During this year we have seen many fantastic aesthetic cases performed by the PAC course doctors and faculty created by the Corr Dental Designs. Improved aesthetics can be a wonderful service we can provide to our patients, and besides how comfortable we keep them, the appearance of our work is probably one of the most important ways our patients judge our work and skills. But we know we have to develop aesthetics that function for the best cosmetic result and longevity. The PAC has spent hours this year to provide education on occlusion and function. What makes the PAC education unique is that we understand how to work with the most popular occlusal philosophies and allow the doctors to work up their cases in the manner they feel most proficient. What we ask is that they take the time to do a comprehensive examination, and if there are signs of occlusal instability (figures 1 and 2) that they inform the patient. If the patient doesn’t value treating the functional challenges then we let the patient know the risks of doing so. If the patient wishes to address the functional issues we ask that the case is stabilized before moving onto the definitive restorative stage and that this is the most conservative option we choose with our informed patient. I feel this is a good approach to responsible dental care and I emphasize ‘care’.
In the month of November, we were able to demonstrate the use of bioelectric diagnostic equipment at the course taught in Detroit led by Dr. Robert DiPilla. Using Myotronic’s equipment we presented what I think was a thought provoking experience for those in attendance to see how jaw position affected the muscle activity generate at rest, in maximum intercuspation, and in function. We were able to see how in space we could pick points where we could obviously see where the muscles were the most comfortable and move the patient’s mandible to that position to take a bite record (figure 3). How many times have we all taken a ‘bite’ by having the patient move to a position that looked ‘right’. Sometimes that bite ‘worked’ and sometimes it didn’t. Sometimes ‘worked’ meant the patient could bite down and hit all the teeth evenly, but to get into that position was the mandible in a truly physiologic position or was the patient having to adapt their jaw position (the moving part of the stomatognathic system) to accommodate closure into MIP? And over time would this develop into a bruxing problem or cause our patient to develop headaches from the muscle hyperactivity of going to this adapted position thousand times a day?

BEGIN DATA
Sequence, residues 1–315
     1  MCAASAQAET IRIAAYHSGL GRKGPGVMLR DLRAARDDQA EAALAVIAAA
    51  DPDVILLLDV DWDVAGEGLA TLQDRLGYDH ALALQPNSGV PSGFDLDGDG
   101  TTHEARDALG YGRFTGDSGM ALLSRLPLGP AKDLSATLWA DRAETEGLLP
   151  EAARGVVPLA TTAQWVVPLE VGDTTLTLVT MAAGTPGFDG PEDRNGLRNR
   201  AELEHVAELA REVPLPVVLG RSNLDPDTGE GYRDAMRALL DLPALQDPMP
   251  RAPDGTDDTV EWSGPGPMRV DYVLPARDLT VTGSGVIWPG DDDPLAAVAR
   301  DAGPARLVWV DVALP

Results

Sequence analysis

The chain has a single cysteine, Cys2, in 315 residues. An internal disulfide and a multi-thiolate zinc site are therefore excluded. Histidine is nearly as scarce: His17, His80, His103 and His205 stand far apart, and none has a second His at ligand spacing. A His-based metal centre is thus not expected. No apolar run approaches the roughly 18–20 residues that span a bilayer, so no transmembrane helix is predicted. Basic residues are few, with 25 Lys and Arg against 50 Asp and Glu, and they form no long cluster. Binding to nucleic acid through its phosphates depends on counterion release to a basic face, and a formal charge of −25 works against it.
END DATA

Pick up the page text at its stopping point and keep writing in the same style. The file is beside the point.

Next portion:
In my June PAC newsletter article, I showed the removable orthotic which is what I often choose to use when I first begin treating a patient. Dr. Robert Jankelson told me he felt he was able to equilibrate the removable orthotic the best because it could be removed from them the mouth and adjusted with the best of visibility. But with a removable orthotic the patient may be in their ideal physiologic position and yet the best healing may not be able to be achieved because when the orthotic is removed the joints and muscles go back into their pathologic position. This does not happen with the fixed orthotic (Figure 4) because it is left in the mouth 24/7. Once you have the proper maxilla-mandible orientation (Figure 5 and 6) the laboratory will do a diagnostic wax-up and create a putty stent that is used in the same manner the PAC teaches during the fabrication of their temporaries. In this fixed appliance adjustments are seen as a sign of healing and when a stable bite is established Phase II options can be considered.
Following a system like this allows us to work better with the laboratory and establish longer lasting cases with improved aesthetics to truly improve the lives of our patients.
If you have questions about this article or if you would like to send a case, please contact the Pacific Aesthetic Laboratory Group at www.pacificaestheticdentalstudio.com, Gary Vaughn, CDT, CTO (916) 786-6740, or via email gvaughn@thePAC.org.
Figure 1. Teeth that have occlusal attrition or wear
Figure 2. Teeth that have abfraction lesions due to posterior interferences in lateral movement
Figure 3. Plotted jaw position with EMG’s
Figure 4. Fixed orthotic
Figure 5 and 6. Cone beam of condylar position pre-operative and post-operatively